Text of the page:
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Converging Technologies for Electric/Hybrid Vehicles and More Electric Aircraft Systems
Date: 2016/6/14             Browse: 581

Converging Technologies for Electric/Hybrid Vehicles and More Electric Aircraft Systems

Speaker: Kaushik Rajashekara

Time: Jun 14, 10:00am - 11:30pm.

Location: Room 306, Teaching Center


The aerospace industry is facing challenges similar to those of the automotive industry in terms of improving emissions, fuel economy, and cost.  Another similarity is the move toward replacing mechanical and pneumatic systems with electrical systems, thus transitioning toward “more electric” architectures.  To meet these challenges in the automotive industry, significant work has been done in the areas of electric, hybrid, and fuel cell vehicles.  In the case of airplanes, more electric architecture is the emerging trend.  The intent is to move as many aircraft loads as possible to electrical power, resulting in simpler aircraft systems leading to the potential for lower fuel consumption, reduced emissions, reduced maintenance, and possibly lower costs.  Electric-powered environment control systems (ECS), electrical actuators, electric de-icing, etc. are some examples of aircraft systems under consideration.  Electric starting of the engine and the conversion of all the pneumatic and hydraulic units on the accessory gearbox (AGB) to an electric system are also being investigated.  This presentation examines the synergies between the electrical components for electric/hybrid vehicles and more electric aircrafts systems and how the technology of the components being developed for these systems are converging to be modular, more efficient, smaller size, lower weight, and capable of operating over a wide temperature range.  Also, fuel cells for APU applications will also be discussed.


Kaushik Rajashekara received his PhD (1984) degree in Electrical Engineering from Indian Institute of Science.  In 1989, he joined Delphi division of General Motors Corporation in Indianapolis, IN, USA as a staff project engineer.  In Delphi and General Motors, he held various lead technical and managerial positions, and was the chief scientist for developing electric machines, controllers, and power electronics systems for electric, hybrid, and fuel cell vehicle systems.  In 2006, he joined Rolls-Royce Corporation as a Chief Technologist for More Electric Aircraft architectures and power conversion/control technologies for gas turbines in aero, marine, defense, and energy applications.  Since August 2012, he is a Distinguished Professor and Endowed Chair in Erik Jonsson School of Engineering and Computer Science at the University of Texas at Dallas. He also holds honorary Qiushi Chair Professor in Zhejiang University, China.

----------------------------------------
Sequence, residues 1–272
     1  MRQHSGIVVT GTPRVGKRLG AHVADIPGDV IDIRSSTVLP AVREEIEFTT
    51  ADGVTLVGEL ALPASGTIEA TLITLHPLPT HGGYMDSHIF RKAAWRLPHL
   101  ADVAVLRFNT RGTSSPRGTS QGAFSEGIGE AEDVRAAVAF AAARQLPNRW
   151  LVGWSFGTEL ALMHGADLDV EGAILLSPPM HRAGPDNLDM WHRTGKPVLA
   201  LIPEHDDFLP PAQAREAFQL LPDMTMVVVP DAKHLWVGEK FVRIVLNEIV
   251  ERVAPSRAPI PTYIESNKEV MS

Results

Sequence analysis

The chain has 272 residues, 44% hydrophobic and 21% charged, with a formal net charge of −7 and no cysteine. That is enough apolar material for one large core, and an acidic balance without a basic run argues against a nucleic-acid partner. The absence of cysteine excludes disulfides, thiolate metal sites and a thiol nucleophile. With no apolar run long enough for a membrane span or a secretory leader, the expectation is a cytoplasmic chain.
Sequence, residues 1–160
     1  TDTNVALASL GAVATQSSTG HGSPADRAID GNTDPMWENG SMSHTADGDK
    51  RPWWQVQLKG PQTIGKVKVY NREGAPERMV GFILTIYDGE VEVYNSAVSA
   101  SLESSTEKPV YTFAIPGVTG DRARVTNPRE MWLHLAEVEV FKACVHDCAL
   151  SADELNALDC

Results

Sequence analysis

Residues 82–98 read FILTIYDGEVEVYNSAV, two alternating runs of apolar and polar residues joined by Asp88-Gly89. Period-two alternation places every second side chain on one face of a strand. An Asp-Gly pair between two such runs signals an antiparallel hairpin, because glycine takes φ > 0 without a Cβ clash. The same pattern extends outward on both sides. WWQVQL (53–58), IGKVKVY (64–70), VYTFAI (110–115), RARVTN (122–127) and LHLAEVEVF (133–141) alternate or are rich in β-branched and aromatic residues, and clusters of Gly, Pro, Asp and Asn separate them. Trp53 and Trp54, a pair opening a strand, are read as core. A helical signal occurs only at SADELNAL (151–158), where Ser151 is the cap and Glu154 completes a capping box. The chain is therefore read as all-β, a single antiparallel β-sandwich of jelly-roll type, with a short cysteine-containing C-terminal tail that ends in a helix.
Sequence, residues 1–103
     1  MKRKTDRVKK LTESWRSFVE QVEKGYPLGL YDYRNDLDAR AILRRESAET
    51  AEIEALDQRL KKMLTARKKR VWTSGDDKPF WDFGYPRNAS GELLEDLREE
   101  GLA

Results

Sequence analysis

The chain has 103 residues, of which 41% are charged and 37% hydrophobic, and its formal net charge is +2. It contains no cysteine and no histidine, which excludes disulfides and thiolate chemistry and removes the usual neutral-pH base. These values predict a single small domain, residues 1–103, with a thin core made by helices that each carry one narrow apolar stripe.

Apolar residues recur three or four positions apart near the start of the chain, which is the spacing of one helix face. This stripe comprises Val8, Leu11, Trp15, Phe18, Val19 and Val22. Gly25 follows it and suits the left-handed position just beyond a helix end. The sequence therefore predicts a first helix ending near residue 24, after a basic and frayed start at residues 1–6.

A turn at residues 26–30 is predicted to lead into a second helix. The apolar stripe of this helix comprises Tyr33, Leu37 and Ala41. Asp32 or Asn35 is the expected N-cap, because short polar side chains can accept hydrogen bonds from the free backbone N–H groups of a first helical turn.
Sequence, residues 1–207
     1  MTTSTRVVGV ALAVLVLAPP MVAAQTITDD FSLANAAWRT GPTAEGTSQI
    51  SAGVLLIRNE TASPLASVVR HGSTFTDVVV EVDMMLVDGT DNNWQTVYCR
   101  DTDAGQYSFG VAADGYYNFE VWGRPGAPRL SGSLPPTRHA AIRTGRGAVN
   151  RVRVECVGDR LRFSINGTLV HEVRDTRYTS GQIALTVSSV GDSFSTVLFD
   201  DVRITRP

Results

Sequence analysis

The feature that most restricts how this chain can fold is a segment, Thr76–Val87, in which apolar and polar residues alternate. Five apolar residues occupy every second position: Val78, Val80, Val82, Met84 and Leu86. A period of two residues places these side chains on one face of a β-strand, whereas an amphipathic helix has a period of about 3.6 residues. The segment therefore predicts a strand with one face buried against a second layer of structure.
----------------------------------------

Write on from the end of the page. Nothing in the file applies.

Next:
Prof. Rajashekara has published more than 140 papers in international journals and conferences, and has over 40 patents. He has given more than 100 invited presentations in international conferences and universities.  He has co-authored one IEEE Press book on sensorless control of ac motor drives and contributed individual chapters to six published books.

Prof. Rajashekara was elected as Member of the U.S. National Academy of Engineering for contributions to electric power conversion systems in transportation. He was also elected as Fellow of the National Academy of Inventors.  He is the recepient of the IEEE Richard Harold Kaufmann award for outstanding contributions to the advancement of electrical systems in transportation; IEEE Industry Applications Society Outstanding Achievement Award, and IEEE IAS Gerald Kliman award (2006) for contributions to the advancement of power conversion technologies through innovations and their applications to industry.  He is a Fellow of IEEE and a Fellow of SAE International.


SIST-Seminar 16033